Monday, October 18, 2010

The nursery net

I know, I know. The "n" word seems to feature in a lot of my posts at the moment. (Well, two out of the past three at least, and considering the (ir)regularity with which I seem to blog that's quite a lot.) But I can't help it. I can't stop thinking about it. The nursery. And specifically, the nursery net. So called because I realised through the tears on Friday (mine and his) that we're caught. In the net. He might not like going - an understatement last week when, for the first time, he cried all the way there, both days - but, like a fish on the deck of a trawler, I don't think we can escape.

You see, I'd always consoled myself with the thought that if it all got really bad, there'd be an exit. A childminder, or a nanny. But despite him hitting a new low of late (he moved into the older kids room a few weeks ago and it hasn't gone well), I think I'm going to have to let him tough it out. As the lady who runs it pointed out, if I take him out now (aged 2 years and 4ish months), I'll only wind up trying to make him go again at some point in the not too distant future.

Even if I don't pack him off to pre-school, or whatever the term is for the full five-day affair that seems to be all the rage, the minute he turns three, I guess there's always the lure of those three free hours a day. (Provided the Tories don't get there first, and let's face it: they should, I can afford to pay his way.) And then there's school proper, which seems to begin earlier and earlier. I'd always thought kids were five when they start, but with a June birthday, Louis will barely be four as things stand. I would happily consider "redshirting" him (an American term for holding them back a year before they start school, which you can read about in this NY Times piece) but that seems to be one American fashion yet to cross the Atlantic.

I realise he might end up settling down; a new routine in new surroundings is a big deal when you're only two, plus he only goes two days a week, which I know is harder. But then again he might not. As the nursery lady reminded me, some kids just always cry when dumped. (*Helpfully* with an actual anecdote about a boy who never got used to being dumped by his mum, right up to still crying when he started school.) So for the meantime, I reckon we're stuck in that net. Now, how do I break it to Louis?

8 comments:

Hackney Hackette said...

I don't know if this will be helpful or not, but my son also went through a tough period when he "went up" rooms, but quickly settled in again. I actually did take him out at two years four months because I went on maternity leave with number two and frankly couldn't justify the expense of keeping him in, and yes, he will be going back aged three, for his 15 free hours. I felt guilty about putting him in and guilty about taking him out, you can't win!

Iota said...
This comment has been removed by the author.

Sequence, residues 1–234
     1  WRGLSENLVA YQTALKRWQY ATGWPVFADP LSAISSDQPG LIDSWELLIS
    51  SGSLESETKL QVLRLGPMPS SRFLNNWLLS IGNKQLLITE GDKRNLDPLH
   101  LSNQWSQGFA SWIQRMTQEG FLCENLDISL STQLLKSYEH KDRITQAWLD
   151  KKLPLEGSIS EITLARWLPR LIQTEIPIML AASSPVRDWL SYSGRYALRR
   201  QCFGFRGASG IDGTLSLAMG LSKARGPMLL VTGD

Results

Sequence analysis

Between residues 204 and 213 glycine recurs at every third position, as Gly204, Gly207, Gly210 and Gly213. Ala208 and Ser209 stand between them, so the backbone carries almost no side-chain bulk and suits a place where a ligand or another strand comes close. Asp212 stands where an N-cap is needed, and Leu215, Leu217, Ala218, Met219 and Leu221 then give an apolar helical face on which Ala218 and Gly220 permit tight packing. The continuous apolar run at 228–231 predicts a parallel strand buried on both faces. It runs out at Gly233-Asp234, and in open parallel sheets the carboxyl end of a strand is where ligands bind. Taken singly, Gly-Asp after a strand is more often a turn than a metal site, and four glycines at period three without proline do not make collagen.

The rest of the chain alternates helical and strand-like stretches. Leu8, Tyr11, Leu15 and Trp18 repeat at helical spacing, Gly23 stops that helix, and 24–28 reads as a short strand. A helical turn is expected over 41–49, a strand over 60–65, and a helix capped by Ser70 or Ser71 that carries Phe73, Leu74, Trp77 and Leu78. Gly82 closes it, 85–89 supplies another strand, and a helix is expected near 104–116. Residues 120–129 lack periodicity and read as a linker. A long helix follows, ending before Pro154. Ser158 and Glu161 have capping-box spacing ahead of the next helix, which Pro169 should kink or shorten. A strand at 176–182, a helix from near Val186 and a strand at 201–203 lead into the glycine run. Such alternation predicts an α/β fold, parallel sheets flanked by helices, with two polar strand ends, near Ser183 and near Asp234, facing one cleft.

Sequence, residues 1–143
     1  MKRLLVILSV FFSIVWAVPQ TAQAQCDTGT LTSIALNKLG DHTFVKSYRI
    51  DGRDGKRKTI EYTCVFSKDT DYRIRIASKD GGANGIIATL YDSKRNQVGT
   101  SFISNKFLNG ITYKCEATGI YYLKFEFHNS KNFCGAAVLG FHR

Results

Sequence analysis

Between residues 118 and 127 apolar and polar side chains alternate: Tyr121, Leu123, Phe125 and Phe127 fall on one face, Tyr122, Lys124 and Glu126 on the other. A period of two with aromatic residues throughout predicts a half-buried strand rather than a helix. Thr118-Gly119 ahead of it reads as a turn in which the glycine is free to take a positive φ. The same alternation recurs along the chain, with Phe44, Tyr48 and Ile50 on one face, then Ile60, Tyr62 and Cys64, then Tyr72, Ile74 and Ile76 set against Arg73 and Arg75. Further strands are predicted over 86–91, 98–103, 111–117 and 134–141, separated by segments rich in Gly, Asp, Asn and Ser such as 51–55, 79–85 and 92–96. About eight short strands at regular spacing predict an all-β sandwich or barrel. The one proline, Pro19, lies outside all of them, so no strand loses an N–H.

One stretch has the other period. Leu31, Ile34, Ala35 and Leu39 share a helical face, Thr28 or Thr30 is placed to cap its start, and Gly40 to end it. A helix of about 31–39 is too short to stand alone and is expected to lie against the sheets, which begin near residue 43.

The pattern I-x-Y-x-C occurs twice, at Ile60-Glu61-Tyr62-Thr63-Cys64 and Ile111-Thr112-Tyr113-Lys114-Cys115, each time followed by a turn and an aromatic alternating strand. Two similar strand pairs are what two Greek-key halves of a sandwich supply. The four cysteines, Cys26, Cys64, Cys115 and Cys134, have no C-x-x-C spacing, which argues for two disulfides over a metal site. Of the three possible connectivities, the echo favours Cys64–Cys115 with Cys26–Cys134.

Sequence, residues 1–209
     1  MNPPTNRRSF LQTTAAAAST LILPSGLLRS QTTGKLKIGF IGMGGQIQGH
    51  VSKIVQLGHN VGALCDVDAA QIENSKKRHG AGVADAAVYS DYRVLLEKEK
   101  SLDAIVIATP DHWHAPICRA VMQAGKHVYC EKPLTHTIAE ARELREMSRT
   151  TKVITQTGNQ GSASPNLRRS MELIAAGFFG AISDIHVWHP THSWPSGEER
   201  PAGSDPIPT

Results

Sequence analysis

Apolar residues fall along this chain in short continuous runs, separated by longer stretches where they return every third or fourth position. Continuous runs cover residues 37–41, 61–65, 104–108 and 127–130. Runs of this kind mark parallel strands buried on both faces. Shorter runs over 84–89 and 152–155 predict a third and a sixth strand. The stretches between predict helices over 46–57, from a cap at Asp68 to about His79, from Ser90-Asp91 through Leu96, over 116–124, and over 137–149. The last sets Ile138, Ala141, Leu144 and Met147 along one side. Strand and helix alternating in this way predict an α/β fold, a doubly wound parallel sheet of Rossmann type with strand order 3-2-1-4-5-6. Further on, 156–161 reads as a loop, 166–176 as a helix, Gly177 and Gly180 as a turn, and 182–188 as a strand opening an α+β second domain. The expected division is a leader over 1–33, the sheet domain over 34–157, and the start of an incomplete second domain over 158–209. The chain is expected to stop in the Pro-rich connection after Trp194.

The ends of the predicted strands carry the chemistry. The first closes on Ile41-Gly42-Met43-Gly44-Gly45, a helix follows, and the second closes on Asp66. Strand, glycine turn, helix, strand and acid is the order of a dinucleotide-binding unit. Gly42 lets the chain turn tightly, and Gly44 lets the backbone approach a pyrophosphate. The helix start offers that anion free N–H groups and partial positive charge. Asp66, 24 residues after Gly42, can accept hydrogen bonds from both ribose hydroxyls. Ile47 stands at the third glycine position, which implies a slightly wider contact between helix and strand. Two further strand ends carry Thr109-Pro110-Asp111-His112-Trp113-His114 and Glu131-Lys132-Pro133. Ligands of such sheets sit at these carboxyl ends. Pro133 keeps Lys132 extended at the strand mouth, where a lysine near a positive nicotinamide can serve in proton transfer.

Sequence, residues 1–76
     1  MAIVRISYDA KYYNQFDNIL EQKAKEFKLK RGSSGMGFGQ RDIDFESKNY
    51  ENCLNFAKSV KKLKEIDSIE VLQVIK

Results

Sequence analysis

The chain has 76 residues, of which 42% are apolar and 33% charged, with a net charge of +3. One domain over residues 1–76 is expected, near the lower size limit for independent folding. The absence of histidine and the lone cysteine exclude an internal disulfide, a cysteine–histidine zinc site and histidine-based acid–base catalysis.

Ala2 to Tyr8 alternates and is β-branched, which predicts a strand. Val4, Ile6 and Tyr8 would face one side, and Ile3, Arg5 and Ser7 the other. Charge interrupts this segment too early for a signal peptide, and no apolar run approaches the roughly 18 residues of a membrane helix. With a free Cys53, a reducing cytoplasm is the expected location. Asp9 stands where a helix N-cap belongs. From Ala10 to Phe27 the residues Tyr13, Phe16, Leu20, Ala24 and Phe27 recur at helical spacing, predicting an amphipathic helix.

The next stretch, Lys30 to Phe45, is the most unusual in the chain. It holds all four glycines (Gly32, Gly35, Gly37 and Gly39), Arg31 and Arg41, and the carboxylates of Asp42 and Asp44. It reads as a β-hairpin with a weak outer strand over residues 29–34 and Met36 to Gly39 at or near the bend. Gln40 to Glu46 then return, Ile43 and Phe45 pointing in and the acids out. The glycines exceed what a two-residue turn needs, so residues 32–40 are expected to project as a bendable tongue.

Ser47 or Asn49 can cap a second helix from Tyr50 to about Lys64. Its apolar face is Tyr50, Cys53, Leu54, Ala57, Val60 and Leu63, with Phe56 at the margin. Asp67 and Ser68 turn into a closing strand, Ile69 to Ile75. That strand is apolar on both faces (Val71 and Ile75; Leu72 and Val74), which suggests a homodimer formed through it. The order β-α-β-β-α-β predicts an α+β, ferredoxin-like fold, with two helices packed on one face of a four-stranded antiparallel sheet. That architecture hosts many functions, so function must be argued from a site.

Iota said...

Wow, free nursery sessions just keep getting ramped up and up. It's now 15 hours a week? Wow.

But where are all the jobs for the mothers who are thus freed up for employment? Did the government think about that one?

Mums here are horrified when I tell them that 5 year olds, and 4 year olds, are in full day school in England. I have one friend who has held her girl back ('redshirted' is a new expression on me). She is currently doing half-day Kindergarten at age 6. She will start full-day school at age 7 (August birthday)!

October 19, 2010 4:54 AM

nappy valley girl said...

It's hard, isn't it. Having had experience of both nursery and childminder, I'd go for nursery. But if he really hates it, what about trying another one? Would a change of scene help? Different nurseries can have quite different approaches.

I'm in NY and yes, there is a real tendency to hold back from starting kindergarten if the parent feels their child is not ready. Having said that, there is also an awful lot of preschool going on.

Hot Cross Mum said...

I also experienced this so feel for you. We were stuck in the 'net' for a year with my toddler's care until my eldest started school and geographically it became possible for me to change the toddler's creche. He is so much happier in the new place - I can't put my finger on it, but he's like a different child. I hope he settles down for you and that it gets easier. x

Babies who brunch said...

Thanks so much for all the supportive comments. Really helpful! I wasn't sure whether to write that post but am glad I did now. Am hoping he will settle because they are actually nice people there. Plus, nursery provision being what it is in London, there aren't exactly a lot of other options. Like zero!

I do find the concept of "redshirting" (which has some collegiate sporting derivation initially apparently) odd. What mum ever thinks their child is old enough for anything?! Then again, if starting kids later works for the Scandinavians, I do wonder why we opt to get rid of them so quickly. But therein lies another post.....

northernmum said...

Its a no win situation, my children have been with a childminder up until school age and she took them to their first day at nursery school as I had to work. My advice is do your best and no one can ask no more!

www.northernmum.wordpress.com

Mrs Donnelly said...

I thought my little girl was settled at nursery until she went to a new room. I hadn't even considered that this would be stressful for her as I assumed she was just used to going to nursery. It came as a surprise when we went through weeks of crying and heavy reliance on the dummy for our arrival at the nursery doors! But now she's fine and i can see it's good for her. Hope your little boy settles soon. :-)